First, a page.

Will China Finally Build a Rail Link with Central Asia?

As reported by Window on Eurasia, Chinese, Kyrgyz and Uzbek experts have reached agreement on the route of a railway line between China and Central Asia, but this project – which would transform the geopolitics of the region – still faces some serious technical and political obstacles.  As the article notes:

“…experts have agreed on the 268.4 km route (Kashgar-Torugart-Arpa Valley-Ferghana Crest-Uzgen-Kara-Suu) and on the location and on a transfer station to cope with the difference in width between the Chinese and Central Asian rails.

…Kyrgyz and Uzbek officials told Dudka that they are enthusiastic about the project, viewing it not only as a way out to world markets which bypasses Russia but also as a direct stimulus to their economies overall and to particular branches such as iron and steel and regions such as Kyrgyzstan’s Naryn oblast.

…Then, there are a large number of technical problems. Part of the route is situated at more than 3600 meters (12,000 feet) above sea level, and plans call for the construction of 48 tunnels and 19 bridges, all of which pose daunting construction challenges and make the project all the more difficult to complete.

And finally, there is serious opposition to the project from both the Russian Federation and Kazakhstan, each of which views the construction of such a rail line from China through Kyrgyzstan to Uzbekistan as a threat to its own interests — economic and geopolitical — as transit routes for Central Asian goods and as economic partners with China.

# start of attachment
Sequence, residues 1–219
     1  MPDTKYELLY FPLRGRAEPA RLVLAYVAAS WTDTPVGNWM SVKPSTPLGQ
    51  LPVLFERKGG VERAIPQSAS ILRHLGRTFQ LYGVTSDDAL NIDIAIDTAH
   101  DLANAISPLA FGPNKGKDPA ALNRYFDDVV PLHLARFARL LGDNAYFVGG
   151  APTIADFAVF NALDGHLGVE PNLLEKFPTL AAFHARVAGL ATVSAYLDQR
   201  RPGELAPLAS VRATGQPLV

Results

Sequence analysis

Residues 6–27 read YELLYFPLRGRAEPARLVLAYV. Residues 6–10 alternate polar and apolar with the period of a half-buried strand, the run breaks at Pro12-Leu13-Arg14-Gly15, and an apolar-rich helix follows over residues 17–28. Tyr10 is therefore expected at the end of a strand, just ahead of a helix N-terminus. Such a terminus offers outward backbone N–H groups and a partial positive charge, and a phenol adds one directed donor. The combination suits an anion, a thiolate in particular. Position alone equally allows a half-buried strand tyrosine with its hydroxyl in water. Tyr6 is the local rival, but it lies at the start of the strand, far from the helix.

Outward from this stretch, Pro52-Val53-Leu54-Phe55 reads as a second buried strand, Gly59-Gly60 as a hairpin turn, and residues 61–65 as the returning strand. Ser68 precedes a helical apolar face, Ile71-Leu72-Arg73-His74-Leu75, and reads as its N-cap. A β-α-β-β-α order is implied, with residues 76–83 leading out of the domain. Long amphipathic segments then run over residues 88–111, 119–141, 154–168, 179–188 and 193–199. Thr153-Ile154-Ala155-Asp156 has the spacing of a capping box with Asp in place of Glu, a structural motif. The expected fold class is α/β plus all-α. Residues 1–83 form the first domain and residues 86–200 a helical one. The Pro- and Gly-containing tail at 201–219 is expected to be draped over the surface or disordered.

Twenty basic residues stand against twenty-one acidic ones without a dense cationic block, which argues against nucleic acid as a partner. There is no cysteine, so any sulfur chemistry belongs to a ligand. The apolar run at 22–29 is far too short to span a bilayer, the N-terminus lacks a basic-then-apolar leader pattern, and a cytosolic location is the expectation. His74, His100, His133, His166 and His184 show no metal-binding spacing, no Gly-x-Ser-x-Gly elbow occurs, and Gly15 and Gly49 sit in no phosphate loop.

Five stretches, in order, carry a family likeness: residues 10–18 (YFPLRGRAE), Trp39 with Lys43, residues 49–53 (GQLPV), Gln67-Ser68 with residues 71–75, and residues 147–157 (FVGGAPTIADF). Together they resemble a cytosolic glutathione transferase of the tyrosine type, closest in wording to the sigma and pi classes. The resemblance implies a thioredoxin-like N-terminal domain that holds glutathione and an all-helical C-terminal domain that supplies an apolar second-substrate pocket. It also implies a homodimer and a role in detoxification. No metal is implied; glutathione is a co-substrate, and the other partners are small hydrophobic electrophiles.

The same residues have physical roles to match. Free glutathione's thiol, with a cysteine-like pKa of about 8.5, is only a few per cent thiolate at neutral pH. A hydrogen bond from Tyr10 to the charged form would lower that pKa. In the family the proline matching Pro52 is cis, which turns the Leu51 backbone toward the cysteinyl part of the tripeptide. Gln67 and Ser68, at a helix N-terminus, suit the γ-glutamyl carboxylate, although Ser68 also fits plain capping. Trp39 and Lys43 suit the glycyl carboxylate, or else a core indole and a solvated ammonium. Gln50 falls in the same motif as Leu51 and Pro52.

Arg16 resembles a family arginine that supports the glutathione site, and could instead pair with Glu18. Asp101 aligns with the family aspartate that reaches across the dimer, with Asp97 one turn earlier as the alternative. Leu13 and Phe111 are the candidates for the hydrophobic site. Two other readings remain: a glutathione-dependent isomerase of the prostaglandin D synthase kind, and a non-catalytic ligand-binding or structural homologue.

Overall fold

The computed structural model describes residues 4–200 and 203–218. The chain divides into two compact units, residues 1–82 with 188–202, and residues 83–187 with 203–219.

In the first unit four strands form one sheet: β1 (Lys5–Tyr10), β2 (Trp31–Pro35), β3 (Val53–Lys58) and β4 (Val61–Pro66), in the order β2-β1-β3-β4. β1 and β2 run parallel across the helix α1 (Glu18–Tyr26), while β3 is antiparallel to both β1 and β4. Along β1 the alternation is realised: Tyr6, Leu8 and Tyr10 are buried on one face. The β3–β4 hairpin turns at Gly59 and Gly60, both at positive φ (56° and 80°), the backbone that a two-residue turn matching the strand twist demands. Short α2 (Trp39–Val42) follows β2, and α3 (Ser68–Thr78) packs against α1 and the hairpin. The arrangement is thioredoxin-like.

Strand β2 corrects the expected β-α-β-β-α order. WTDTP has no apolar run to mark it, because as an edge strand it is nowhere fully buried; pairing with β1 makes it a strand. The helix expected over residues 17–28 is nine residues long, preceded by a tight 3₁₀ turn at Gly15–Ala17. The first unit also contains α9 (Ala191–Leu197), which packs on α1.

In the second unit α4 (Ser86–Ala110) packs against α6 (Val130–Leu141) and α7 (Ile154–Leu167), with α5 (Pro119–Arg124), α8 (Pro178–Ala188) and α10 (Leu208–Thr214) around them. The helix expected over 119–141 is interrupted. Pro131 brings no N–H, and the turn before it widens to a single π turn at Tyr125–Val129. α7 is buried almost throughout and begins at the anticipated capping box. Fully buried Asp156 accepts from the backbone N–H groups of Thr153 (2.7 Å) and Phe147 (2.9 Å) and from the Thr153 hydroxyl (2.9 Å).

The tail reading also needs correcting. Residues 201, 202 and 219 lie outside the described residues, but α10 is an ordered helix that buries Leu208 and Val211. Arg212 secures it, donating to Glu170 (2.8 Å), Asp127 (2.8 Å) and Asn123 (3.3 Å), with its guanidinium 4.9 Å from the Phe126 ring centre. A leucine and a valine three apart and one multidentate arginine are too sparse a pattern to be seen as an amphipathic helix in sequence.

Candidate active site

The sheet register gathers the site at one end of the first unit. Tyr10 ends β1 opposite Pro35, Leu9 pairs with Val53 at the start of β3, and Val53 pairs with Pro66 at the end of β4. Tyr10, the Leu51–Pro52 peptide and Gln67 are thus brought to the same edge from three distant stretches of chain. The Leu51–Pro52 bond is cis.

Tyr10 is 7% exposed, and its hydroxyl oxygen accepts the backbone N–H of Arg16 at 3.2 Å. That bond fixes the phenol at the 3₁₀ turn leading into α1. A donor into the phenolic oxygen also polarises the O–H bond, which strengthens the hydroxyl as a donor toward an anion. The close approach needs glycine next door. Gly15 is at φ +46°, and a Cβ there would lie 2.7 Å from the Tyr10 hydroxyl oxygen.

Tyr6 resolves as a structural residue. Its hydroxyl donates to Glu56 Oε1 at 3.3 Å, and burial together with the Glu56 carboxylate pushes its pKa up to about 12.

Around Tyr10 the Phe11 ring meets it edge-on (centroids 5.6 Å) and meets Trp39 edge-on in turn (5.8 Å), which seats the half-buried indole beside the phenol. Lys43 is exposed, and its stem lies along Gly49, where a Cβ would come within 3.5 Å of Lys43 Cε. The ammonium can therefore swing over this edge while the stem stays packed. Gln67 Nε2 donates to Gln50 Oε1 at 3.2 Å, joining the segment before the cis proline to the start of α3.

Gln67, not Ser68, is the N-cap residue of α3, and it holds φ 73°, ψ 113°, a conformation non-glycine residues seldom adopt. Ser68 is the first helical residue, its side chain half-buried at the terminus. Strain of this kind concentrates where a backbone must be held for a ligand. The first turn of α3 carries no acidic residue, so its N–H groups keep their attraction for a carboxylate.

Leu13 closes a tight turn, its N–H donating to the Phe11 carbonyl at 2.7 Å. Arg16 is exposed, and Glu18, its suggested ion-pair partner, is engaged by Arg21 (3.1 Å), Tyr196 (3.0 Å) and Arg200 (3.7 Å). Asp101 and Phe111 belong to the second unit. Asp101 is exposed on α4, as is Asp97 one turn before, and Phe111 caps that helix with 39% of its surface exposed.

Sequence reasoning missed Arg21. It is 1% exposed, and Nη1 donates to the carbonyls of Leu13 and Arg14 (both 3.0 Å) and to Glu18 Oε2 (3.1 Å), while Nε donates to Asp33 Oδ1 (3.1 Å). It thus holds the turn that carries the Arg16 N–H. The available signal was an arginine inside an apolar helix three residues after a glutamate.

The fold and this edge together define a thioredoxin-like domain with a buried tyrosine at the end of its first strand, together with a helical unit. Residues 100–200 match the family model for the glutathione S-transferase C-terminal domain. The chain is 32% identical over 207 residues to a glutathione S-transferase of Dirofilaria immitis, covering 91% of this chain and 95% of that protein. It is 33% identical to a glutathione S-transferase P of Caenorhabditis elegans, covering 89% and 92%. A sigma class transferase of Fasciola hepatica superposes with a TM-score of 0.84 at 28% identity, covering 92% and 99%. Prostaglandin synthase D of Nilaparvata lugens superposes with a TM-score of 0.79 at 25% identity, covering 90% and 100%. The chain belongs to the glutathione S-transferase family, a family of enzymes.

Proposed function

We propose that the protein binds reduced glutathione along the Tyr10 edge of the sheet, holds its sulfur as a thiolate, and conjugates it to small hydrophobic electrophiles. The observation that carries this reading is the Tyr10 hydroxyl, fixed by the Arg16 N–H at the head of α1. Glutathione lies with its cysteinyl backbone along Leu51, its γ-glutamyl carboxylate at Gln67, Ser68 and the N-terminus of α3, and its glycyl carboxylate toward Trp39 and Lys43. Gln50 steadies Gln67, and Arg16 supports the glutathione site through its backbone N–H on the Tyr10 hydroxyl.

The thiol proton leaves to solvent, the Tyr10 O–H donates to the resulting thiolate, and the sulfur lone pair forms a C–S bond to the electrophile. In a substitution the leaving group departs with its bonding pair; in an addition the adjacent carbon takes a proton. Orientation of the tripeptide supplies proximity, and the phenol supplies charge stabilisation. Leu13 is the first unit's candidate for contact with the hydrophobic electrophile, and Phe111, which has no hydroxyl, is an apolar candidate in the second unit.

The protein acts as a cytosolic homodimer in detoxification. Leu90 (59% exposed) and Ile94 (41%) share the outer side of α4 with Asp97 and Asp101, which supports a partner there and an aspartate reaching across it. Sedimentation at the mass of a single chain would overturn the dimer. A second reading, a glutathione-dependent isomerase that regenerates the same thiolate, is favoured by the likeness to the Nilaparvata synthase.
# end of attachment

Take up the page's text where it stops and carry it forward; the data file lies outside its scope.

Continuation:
Even more to the point … is China still interested in this project given “the explosiveness” of Muslim populations in Xinjiang and the danger that this rail link would expand contacts between those groups and Central Asia?

Second, are the Europeans and the Americans going to be supportive of such a rail line given their concerns about Islamist challenges in Central Asia and Iran when they have other routes available them via either the sea lanes or across the Russian Federation and Kazakhstan which are more stable?…”

This entry was posted on Saturday, August 30th, 2008 at 1:01 pm and is filed under Azerbaijan, China, Kazakhstan, Kyrgyzstan, Russia, Uzbekistan.  You can follow any responses to this entry through the RSS 2.0 feed.  Both comments and pings are currently closed. 

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